As a rookie in 2019, Carolina Panthers defensive end Brian Burns' season was the true definition of a tale of two halves.
In his first six games, Burns had 4.5 sacks, 15 combined tackles, a defensive touchdown, and was a candidate for the NFL's Defensive Rookie of the Year award.
Then, a hand injury that Burns suffered after punching the field in frustration in Week 4 following a missed deflection block on special teams began to catch up with him and affected his play.
Burns was placed in a club and later a cast following a minor midseason surgery but his play wasn't the same the rest of the year.
"Having a cast on really limited me from grabbing and being able to have a firm grip on the blocker or the runner or whoever it was," Burns said during a Zoom presser on Wednesday. "It did limit me quite a bit. Towards the end of the season, it was getting better but it limited me quite a bit as a defensive player."
If anything, the injury was a learning experience that Burns won't dwell on.
"I don't blame myself," Burns said. "Football is an emotional sport so whatever happens happens. It is what it is. I don't think it was a wasted season. I had a good season for the amount of snaps I played and my injury."
Thanks to a virtual offseason, Burns had more time to recover and study the game off the field, and his second season in the league will be a lot different with a new defensive coordinator in Phil Snow and a plethora of young talent now around him on the defensive line.
"The defense is very versatile, there's a lot to take in and a lot of ways you can come," Burns said. "The talent around me, there's a lot of guys I can learn from still. Being in my second year I still got KK (Short), Tahir (Whitehead) behind me, Shaq (Thompson) is still here so there's a lot of guys I can learn from. Very talented group in my opinion."
Burns arrived in Carolina when former head coach Ron Rivera implemented a 3-4 defensive scheme, leaving Burns to play a lot more linebacker rather than his natural defensive end spot.
With the Panthers switching back to a 4-3 under Snow and head coach Matt Rhule, Burns believes he'll still make an impact.
"I think I fit in better defense," Burns said. "It's very versatile and I like that. You can pretty much plug me in anywhere. There's going to be a lot to come with this defense. It's not going to be easy to stop in my opinion."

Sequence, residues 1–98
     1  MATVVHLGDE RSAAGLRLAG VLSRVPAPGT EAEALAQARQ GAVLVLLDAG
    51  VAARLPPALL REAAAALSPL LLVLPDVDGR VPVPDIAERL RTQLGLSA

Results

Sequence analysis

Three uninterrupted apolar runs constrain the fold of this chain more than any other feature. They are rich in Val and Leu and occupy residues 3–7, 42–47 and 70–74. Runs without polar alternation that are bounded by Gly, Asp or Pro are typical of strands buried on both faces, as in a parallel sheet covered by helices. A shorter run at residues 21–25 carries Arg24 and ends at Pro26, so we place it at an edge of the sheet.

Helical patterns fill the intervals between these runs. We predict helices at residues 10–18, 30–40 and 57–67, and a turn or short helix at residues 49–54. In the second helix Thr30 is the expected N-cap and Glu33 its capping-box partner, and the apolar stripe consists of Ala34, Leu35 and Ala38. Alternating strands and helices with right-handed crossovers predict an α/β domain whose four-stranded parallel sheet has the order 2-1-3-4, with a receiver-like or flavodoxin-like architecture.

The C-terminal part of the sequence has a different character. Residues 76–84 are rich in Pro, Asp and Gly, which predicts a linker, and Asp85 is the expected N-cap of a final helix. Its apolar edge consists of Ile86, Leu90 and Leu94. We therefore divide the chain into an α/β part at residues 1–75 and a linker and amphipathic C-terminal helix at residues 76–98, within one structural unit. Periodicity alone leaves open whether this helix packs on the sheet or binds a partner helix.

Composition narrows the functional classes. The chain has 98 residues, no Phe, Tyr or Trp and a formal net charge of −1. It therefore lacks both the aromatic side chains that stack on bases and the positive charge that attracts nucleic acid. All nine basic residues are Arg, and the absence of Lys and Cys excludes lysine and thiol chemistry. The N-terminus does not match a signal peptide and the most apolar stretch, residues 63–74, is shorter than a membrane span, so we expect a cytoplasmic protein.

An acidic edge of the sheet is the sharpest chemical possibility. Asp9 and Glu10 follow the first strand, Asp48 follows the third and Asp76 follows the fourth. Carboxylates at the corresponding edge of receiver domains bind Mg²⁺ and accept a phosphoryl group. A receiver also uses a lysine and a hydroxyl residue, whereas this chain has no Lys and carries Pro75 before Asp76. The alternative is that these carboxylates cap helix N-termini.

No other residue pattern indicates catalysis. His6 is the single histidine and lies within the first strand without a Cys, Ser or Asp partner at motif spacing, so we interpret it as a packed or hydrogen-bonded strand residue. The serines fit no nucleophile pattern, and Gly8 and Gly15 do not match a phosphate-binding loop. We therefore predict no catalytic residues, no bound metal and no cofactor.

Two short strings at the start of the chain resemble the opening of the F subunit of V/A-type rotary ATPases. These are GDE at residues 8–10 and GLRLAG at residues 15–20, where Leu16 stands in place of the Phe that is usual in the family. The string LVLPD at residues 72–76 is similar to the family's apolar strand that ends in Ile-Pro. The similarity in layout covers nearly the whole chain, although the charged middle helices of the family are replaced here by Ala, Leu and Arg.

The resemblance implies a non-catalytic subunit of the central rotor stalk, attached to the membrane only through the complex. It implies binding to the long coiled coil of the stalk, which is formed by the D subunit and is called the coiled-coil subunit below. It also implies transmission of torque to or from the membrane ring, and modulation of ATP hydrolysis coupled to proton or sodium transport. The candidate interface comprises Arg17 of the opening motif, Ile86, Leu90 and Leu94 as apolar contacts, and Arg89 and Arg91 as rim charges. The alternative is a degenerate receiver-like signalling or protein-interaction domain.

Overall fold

Snow told The Mac Attack on WFNZ in June that he plans on using Burns a lot.
"I'm trying to keep Brian in every package on the field," Snow said. "He's just too long and athletic and he can run and you know, he's really smart. He really learns football. We're not going to take him off the field. We have different packages and he's going to play different roles. Not only can Brian rush off the edge, he can drop, he could do a lot of different things so we're going to use him that way and that creates a lot of problems for the offense when you can use guys in different roles and you're not sure where they're going to line up."
Even though Snow and Burns hadn't been able to meet until last week, the relationship is already building.
"We talked on the phone a lot. He's a nice guy," Burns said. "We got a good connection and a good bond. He walked me through a lot of the things we'll be doing this year and I'm excited to do it. I'm excited to play in this defense, for sure." Burns says he put on 15 pounds this offseason to play at a weight of around 250-55 this year and has been doing a lot of work with his technique.
"Mainly my hands and technique in the run," Burns said when asked about what he's worked on most.
He's also looking forward to stepping up as a leader, even if it's his second year, with fundamental players like Luke Kuechly and Cam Newton no longer around.
"I think it's all about how you carry yourself, honestly, "Burns said. "How you go about things if you're doing everything right and you hold people accountable you can be a leader in your first year. You obviously have to back it up on the field."
When it comes to personal goals, you'll just have to wait and see.
"My goals are kind of classified. I can't really put those out there," Burns said with a smile.